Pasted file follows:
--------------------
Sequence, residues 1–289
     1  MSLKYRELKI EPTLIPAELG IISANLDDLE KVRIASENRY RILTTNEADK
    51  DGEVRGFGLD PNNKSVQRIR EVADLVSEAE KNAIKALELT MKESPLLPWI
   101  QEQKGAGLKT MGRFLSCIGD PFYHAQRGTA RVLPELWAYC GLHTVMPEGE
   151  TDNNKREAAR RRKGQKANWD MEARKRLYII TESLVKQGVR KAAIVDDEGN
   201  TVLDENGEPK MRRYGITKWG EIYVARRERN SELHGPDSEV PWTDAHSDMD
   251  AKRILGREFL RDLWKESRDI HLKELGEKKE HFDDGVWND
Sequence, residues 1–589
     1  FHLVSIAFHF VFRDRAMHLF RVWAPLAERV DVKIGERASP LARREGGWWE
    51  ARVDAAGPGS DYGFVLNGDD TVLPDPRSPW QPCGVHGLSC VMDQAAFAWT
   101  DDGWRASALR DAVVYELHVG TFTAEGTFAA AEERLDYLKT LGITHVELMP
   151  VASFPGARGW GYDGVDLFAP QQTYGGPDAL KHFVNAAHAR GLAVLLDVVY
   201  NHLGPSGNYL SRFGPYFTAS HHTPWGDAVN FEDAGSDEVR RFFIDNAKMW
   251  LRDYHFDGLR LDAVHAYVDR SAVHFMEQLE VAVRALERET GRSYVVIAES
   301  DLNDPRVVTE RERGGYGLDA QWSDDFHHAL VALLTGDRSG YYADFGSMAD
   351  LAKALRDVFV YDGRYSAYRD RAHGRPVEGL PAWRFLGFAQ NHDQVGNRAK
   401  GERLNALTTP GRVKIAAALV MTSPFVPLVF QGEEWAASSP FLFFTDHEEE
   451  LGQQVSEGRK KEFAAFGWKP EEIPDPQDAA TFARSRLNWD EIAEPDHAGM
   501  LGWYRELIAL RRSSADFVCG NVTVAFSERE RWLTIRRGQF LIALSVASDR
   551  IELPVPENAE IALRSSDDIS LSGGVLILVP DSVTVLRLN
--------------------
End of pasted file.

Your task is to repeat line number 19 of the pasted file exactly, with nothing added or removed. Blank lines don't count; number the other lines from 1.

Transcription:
   501  LGWYRELIAL RRSSADFVCG NVTVAFSERE RWLTIRRGQF LIALSVASDR